Cybernetics is the interdisciplinary study of the structure of complex systems, especially communication processes, control mechanisms and feedback

principles. Cybernetics is closely related to control theory and systems theory. Contemporary cybernetics began as an interdisciplinary study connecting the fields of control systems, electrical network theory, mechanical engineering, logic modeling, evolutionary biology and neuroscience in the 1940s. Contemporary cybernetics began as an interdisciplinary study connecting the fields of control systems, electrical network theory, mechanical engineering, logic modeling, evolutionary biology and neuroscience in the 1940s. Other fields of study which have influenced or been influenced by cybernetics include game theory, system theory (a mathematical counterpart to cybernetics), psychology (especially neuropsychology, behavioral psychology, cognitive psychology), philosophy, and

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Cybernetics was defined by Norbert Wiener, in his book of that title, as the study of control and communication in the animal and the machine. Stafford Beer called it the science of effective organization and Gordon Pask extended it to include information flows "in all media" from stars to brains. It includes the study of feedback, black boxes and derived concepts such as communication and control in living organisms, machines and organizations including selforganization. Its focus is how anything (digital, mechanical or biological) processes information, reacts to information, and changes or can be changed to better accomplish the first two tasks . A more philosophical definition, suggested in 1956 by Louis Couffignal, one of the pioneers of cybernetics, characterizes cybernetics as "the art of ensuring the efficacy of action" . The most recent definition has been proposed by Louis Kauffman, President of the American Society for Cybernetics, "Cybernetics is the study of systems and processes that interact with themselves and produce themselves from themselves" . Concepts studied by cyberneticists (or, as some prefer, cyberneticians) include, but are not limited to: learning, cognition, adaption, social control, emergence, communication, efficiency, efficacy and interconnectivity. These concepts are studied by other subjects such as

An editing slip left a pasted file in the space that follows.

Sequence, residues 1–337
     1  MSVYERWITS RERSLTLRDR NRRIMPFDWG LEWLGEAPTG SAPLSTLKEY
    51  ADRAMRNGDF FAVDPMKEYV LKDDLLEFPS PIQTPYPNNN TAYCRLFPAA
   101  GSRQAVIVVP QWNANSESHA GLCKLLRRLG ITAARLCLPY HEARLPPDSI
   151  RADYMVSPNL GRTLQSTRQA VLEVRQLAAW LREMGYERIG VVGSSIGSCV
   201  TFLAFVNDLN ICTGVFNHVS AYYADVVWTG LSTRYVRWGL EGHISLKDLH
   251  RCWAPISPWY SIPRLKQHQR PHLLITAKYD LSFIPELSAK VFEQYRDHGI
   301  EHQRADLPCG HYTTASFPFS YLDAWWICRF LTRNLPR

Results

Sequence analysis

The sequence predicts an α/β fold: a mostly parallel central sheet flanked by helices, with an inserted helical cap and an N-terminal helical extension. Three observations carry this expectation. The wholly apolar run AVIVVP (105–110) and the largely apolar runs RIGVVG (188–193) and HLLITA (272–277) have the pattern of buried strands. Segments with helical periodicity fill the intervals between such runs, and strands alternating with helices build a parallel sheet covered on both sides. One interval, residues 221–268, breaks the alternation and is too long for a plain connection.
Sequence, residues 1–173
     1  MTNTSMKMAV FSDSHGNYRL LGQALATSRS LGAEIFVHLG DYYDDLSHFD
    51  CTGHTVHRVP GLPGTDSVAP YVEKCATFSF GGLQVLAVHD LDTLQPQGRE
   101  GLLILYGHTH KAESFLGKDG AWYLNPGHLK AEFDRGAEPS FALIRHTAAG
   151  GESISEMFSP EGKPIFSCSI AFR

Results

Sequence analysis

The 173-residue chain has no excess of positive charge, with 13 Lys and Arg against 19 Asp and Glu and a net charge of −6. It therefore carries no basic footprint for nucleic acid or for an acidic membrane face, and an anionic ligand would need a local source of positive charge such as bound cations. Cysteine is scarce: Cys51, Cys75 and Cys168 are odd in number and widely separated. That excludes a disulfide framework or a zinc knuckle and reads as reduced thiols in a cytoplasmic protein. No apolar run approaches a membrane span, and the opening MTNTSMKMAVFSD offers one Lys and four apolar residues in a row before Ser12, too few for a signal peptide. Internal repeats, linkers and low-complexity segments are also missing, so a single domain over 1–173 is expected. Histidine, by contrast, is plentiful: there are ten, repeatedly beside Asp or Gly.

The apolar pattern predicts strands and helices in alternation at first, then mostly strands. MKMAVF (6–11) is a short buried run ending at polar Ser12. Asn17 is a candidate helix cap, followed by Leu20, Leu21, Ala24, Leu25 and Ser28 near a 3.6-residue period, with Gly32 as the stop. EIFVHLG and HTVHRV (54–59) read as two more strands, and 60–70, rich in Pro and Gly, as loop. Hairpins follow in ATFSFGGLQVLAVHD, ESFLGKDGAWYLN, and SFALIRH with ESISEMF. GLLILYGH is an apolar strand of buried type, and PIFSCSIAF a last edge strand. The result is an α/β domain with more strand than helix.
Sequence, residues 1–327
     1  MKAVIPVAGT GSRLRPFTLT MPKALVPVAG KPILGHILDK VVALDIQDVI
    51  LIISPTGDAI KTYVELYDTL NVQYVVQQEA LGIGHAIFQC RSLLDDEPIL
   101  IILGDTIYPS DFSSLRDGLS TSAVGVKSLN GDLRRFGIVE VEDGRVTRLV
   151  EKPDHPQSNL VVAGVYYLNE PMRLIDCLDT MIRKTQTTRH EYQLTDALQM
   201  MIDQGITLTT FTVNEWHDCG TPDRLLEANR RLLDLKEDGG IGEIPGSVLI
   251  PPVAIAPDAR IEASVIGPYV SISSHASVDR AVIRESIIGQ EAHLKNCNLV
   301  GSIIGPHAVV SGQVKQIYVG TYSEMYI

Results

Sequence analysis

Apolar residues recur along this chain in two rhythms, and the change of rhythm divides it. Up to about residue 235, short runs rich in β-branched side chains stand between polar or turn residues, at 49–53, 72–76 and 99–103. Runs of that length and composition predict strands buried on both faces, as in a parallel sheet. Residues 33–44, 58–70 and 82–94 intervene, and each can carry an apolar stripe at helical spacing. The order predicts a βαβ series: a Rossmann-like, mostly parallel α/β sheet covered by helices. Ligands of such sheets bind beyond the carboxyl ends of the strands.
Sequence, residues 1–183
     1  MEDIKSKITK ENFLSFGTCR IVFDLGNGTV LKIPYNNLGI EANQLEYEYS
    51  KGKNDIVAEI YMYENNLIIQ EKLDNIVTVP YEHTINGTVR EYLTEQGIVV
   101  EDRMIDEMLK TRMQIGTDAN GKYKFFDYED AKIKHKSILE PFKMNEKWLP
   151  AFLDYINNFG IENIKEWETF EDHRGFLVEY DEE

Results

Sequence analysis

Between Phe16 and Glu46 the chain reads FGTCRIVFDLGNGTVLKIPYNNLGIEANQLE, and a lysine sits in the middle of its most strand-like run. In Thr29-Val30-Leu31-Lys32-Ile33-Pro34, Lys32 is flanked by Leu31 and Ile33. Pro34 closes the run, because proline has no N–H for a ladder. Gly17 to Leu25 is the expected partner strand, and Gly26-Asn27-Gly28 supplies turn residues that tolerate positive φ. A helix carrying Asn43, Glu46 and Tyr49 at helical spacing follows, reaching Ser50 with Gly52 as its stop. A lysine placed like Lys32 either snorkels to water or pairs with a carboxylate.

Other fields of study which have influenced or been influenced by cybernetics include game theory; system theory (a mathematical counterpart to cybernetics); psychology, especially neuropsychology, behavioral psycholCybernetics was defined by Norbert Wiener, in his book of that title, as the study of control and communication in the animal and the machine. Stafford Beer called it the science of effective organization and Gordon Pask extended it to include information flows "in all media" from stars to brains. It includes the study of feedback, black boxes and derived concepts such as communication and control in living organisms, machines and organizations including self-organization. Its focus is how anything (digital, mechanical or biological) processes information, reacts to information, and changes or can be changed to better accomplish the first two tasks . A more philosophical definition, suggested in 1956 by Louis Couffignal, one of the pioneers of cybernetics, characterizes cybernetics as "the art of ensuring the efficacy of action" . The most recent definition has been proposed by Louis Kauffman, President of the American Society for Cybernetics, "Cybernetics is the study of systems and processes that interact with themselves and produce themselves from themselves". Concepts studied by cyberneticists (or, as some prefer, cyberneticians) include, but are not limited to: learning, cognition, adaption, social control, emergence, communication, efficiency, efficacy and interconnectivity. These concepts are studied by other subjects such as engineering and biology, but in cybernetics these are removed from the context of the individual organism or device. Other fields of study which have influenced or been influenced by cybernetics include game theory; system theory (a mathematical counterpart to cybernetics); psychology, especially neuropsychology, behavioral psychology,cognitive psychology; philosophy; anthropology and even architecture.[ogy,cognitive psychology; philosophy; anthropology and even architecture.[